Wolfenstein: The New Order review: Blazkowicz forever

After taking a few years off the beaten path, Wolfenstein: The New Order has returned to its Nazi-stomping roots, bringing bad-ass B.J. Blazkowicz to the front lines as he takes on a powerful Nazi regime in 1946. Doing away with the silly supernatural elements from the previous release, the game mostly sticks with what made the series so fun in the first place – blasting Nazis to kingdom come with a wide arsenal of crazy weaponry. Check out the review follow-up to see if Wolfenstein still shines days later.

Back Into Action

It doesn't take long for Blazkowicz to get thrust back into the fray. Following an invasion on an island stronghold that left him catatonic for 14 years, Blazkowicz restarts his Nazi-killing past-time when they're sent to shut down the asylum where he's being treated. Soon enough, the blood starts spilling, and the weary soldier finds himself leading a group of rag-tag soldiers against the tyrannical Deathshead, flanked by an army of loyal troops and cybernetic terrors. Where The New Order excels is with its good old-fashioned run and gun gameplay. Throughout the game's 16 levels, Blazkowicz will find a number of weapons that get the job done, from automatic shotguns that spew bullets like popcorn to a very effective laser welder that can evaporate any given soldier into a bloody mess. Machine Games did remarkable work with the controls, as they're responsive and pinpoint, right down to leaning around corners. It feels strange having the grenade and weapon select button mapped on the same trigger, but easy enough to overcome.

Just your average chaingun robo-Nazi

Despite its bombastic action, the game does provide opportunities to play it quiet. If you get the attention of guards, they'll sound the alarm and bring even more enemy forces to contend with. Machine Games manages to balance this tactic just about right. Whether burying of a knife in a Nazi throat or propelling a silenced bullet into a Nazi's head, the stealth feels right at home. The more stealthily you handle a mission, the more perks you have the potential to earn, such as increased reload times and accelerated speed with two shotguns. (Hey, running with those isn't as easy as it looks.) If Machine Games unexpectedly excelled at stealth, it wasn't so lucky trying its hand at exploration. For instance, before you can torture a Nazi with a chainsaw, you're forced to first seek out a protective vest and goggles. Um, excuse me, but this is Blazkowicz we're talking about, yes? He practically gets bloody throughout the game anyway. Why would we need this stuff? Seeking out little items in the home hub is also a chore that distracts from the action. Thankfully, when the action happens, it's gratifying. Even on the highest difficulty, it rarely feels frustrating thanks to an array of health packs and ammunition, and a generous respawn system.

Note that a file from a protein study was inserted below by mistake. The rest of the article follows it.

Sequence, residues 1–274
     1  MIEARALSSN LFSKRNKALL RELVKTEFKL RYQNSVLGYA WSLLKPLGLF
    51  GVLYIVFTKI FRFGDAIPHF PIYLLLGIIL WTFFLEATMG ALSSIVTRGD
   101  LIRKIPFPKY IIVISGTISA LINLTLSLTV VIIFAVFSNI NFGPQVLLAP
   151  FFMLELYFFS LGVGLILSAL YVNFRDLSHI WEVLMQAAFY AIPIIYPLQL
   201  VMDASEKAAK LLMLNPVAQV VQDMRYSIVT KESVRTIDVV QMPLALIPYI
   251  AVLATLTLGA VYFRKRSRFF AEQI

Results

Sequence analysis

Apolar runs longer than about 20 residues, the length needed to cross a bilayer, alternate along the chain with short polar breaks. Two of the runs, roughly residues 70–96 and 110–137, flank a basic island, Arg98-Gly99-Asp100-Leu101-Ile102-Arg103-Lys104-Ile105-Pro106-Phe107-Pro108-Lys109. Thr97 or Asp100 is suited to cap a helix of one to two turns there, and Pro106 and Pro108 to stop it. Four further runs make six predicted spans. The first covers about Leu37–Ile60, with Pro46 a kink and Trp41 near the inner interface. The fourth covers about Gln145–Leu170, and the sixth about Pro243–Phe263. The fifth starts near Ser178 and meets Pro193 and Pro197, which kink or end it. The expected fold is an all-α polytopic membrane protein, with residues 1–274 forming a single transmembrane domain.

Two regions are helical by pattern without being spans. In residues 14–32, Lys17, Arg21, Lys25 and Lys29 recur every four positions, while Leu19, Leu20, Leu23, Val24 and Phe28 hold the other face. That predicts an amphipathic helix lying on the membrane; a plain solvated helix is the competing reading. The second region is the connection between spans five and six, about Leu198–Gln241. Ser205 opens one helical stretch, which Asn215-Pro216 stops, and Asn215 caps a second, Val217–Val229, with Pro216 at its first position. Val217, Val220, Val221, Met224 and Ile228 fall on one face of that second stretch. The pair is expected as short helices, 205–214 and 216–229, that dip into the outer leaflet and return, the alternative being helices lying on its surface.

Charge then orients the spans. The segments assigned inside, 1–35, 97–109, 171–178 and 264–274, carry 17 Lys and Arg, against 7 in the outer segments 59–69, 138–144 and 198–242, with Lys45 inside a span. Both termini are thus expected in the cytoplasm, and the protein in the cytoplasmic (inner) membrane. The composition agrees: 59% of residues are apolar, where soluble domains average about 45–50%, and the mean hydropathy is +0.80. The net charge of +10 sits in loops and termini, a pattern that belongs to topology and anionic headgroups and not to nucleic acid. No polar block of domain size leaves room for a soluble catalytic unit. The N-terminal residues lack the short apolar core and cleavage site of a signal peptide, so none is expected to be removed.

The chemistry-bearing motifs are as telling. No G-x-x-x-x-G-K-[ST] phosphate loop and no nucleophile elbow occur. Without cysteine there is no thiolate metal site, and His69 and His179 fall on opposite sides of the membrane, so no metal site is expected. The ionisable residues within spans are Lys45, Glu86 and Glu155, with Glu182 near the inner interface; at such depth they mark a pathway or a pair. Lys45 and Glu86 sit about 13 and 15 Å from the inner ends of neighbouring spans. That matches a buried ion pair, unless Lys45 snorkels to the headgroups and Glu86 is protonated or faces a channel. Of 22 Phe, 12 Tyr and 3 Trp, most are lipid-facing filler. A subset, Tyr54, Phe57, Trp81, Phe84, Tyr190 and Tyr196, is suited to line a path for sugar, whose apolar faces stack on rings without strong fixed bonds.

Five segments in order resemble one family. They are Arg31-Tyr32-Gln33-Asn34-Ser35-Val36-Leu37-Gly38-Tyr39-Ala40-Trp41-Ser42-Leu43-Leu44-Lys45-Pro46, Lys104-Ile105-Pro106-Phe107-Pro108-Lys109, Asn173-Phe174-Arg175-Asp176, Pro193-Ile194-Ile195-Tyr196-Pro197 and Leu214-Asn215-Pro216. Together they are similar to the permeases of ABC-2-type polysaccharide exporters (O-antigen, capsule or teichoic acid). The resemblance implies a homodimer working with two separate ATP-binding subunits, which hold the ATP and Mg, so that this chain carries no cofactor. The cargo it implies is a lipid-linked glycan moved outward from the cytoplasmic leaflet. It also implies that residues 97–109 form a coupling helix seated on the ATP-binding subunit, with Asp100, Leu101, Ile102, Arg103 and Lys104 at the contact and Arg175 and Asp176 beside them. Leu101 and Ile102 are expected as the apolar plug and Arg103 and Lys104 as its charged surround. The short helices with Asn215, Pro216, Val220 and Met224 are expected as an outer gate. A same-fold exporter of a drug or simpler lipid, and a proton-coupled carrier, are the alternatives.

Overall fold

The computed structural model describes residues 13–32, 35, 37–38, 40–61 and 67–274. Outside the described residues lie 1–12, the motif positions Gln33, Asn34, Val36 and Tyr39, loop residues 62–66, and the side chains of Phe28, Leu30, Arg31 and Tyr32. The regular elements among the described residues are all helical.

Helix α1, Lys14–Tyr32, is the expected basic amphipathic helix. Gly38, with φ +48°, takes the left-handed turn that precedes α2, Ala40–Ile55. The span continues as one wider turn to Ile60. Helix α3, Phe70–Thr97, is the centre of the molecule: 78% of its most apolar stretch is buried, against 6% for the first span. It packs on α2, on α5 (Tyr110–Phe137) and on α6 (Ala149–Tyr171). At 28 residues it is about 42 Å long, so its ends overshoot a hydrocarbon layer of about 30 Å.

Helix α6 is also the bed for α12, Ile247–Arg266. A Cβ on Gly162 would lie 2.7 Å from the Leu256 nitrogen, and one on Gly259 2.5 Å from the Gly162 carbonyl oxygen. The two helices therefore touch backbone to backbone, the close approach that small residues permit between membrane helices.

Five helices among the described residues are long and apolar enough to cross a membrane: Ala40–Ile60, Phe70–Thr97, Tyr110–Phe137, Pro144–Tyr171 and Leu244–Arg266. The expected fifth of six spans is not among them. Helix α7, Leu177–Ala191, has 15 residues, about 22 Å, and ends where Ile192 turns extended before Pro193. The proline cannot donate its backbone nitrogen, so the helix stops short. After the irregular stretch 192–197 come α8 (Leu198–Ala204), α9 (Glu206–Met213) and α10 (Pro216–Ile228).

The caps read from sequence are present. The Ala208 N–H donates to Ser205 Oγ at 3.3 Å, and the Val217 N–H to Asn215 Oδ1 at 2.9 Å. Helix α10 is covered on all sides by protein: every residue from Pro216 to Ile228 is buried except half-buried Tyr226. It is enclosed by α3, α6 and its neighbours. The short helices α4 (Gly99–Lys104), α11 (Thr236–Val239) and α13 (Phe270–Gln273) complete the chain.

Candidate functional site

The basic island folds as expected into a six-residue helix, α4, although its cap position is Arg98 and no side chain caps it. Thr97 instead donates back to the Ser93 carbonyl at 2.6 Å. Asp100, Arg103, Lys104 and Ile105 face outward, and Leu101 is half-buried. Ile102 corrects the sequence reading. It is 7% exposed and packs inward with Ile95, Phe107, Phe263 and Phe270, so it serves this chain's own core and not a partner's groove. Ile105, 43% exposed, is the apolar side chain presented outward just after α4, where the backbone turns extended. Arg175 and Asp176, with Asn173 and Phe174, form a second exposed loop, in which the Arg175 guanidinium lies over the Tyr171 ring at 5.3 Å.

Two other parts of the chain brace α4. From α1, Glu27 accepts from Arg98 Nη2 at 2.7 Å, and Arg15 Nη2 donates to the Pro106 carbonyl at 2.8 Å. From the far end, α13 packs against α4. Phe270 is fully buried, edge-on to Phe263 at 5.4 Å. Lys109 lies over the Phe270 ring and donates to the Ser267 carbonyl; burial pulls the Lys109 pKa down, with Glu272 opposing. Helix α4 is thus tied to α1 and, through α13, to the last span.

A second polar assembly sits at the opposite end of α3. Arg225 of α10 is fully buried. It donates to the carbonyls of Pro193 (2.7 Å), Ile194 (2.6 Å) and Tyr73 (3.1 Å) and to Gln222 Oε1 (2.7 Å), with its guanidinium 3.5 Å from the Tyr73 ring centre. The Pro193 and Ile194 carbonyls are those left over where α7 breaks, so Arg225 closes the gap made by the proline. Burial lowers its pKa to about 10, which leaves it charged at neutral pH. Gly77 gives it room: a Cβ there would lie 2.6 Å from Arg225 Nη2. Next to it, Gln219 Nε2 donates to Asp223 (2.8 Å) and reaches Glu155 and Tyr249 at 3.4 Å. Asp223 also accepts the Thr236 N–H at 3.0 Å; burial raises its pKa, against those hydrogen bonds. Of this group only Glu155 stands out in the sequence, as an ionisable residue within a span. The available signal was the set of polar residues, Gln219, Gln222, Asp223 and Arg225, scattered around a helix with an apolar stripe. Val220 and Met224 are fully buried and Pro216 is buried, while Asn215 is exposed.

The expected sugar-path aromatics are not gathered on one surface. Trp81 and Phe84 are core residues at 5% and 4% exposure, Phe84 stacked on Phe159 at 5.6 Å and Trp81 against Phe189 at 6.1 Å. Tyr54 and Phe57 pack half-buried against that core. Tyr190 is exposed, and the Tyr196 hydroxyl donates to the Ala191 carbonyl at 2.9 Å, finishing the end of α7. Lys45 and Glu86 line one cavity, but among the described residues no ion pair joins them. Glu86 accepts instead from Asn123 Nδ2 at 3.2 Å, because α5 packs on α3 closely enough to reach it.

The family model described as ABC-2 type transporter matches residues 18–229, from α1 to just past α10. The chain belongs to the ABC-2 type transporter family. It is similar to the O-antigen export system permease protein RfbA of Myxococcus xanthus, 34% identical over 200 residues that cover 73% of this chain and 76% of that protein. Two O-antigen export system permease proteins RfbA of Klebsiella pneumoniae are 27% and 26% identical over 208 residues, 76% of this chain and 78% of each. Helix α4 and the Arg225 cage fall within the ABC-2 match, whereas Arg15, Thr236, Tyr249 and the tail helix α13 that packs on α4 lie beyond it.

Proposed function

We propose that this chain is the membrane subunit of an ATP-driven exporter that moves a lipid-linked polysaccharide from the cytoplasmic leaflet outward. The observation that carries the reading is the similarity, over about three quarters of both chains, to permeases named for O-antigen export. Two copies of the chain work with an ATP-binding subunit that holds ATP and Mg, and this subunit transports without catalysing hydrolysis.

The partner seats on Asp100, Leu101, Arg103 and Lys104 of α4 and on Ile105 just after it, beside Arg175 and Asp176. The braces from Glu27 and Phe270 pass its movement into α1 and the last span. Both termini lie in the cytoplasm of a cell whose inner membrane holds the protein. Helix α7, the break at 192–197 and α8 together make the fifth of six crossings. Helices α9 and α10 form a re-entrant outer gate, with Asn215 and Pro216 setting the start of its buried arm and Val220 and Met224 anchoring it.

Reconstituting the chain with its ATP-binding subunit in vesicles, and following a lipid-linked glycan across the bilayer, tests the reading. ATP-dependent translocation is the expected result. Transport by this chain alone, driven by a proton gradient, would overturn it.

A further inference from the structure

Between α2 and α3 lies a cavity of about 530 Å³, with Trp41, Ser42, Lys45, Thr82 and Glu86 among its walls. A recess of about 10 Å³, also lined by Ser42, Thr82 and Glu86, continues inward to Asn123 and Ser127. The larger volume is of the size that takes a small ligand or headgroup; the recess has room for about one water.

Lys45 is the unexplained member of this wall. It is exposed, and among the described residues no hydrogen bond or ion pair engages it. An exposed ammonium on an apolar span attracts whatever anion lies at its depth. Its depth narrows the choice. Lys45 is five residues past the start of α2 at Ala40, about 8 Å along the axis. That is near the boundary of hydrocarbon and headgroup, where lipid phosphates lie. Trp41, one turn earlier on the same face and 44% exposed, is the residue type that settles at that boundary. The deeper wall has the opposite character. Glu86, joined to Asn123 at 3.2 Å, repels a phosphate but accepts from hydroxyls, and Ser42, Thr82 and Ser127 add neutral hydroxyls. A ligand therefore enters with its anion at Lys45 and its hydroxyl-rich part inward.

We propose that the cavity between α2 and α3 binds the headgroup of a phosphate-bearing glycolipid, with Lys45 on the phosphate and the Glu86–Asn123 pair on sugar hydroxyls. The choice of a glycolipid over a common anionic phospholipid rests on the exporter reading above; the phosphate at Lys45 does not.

An Old but New Wolfenstein

Considering that this is the series' debut for PlayStation 4 and Xbox One (as well as previous consoles), Wolfenstein: The New Order is a fine achievement. The game runs at a fluid 60 frames per second without missing a beat, and I would very rarely notice any hitches. For good measure, Machine Games has also managed to craft a wonderful, if somewhat terrifying, alternate world in Germany. From blasting your way through a planetarium with a giant moon statue in the center (which, yes, you can destroy) to a run in a bloodied prison hall, where soldiers await around every corner. This game is a sight to behold, especially on the newer systems. The cinemas were lacking in that level of polish and presentation. Rather than playing out in real-time, the story is told through cinematic cut-scenes that crudely cut into the action sequences. Story is an important to give us context for the bloody spectacle in Wolfenstein, but telling it in-game would've let Machine refrain from braking its stride.

We need a mop

The Alternate Routes

Wolfenstein's missions will take quite a while to get through, but the game offers an interesting wrinkle with two alternate storylines. Early on, you're asked to sacrifice one of two soldiers to Deathshead, and the choice you make actually affects certain decisions through the game. You'll want to see where both lead, just to see what gets thrown your way. It's an interesting addition that adds some replay value to the game. On top of that, seeking out hidden Nazis treasures can unlock bonus Trophies/Achievements in the game, and considering the open-world presentation of each level, it pays to explore.

A One-man Show

The New Order is a single-player game only, and you'll probably uncover everything it has to offer in about 15 hours or so. Multiplayer is usually a given, especially for first-person shooters, but its absence here didn't bother me. The addition of a Nazi vs. freedom soldiers mode would just feel like a cheap throw-in. The alternate timelines, hidden goods, and sheer fun of reducing Nazis to bloody chunks made the package feel complete even without multiplayer.


Despite the lack of multiplayer and fetch-quests that interrupt the blood-spilling action, Wolfenstein: The New Order is a welcome return to form for the series. Its gameplay is good fun, whether you prefer blasting enemies to bits or being sneaky-like. The beautiful presentation makes the most out of the new hardware, and it squeezes some impressive life out of older systems. Blazkowicz's return has been a long time coming, but Machine Games has assured that it was worth it. Final Score: 8 out of 10.
This review is based on a PlayStation 4 review copy provided by the publisher: Wolfenstein: The New Order is available now for Xbox One, Xbox 360, PlayStation 4, PlayStation 3 and PC for $59.99. The game is rated M for mature.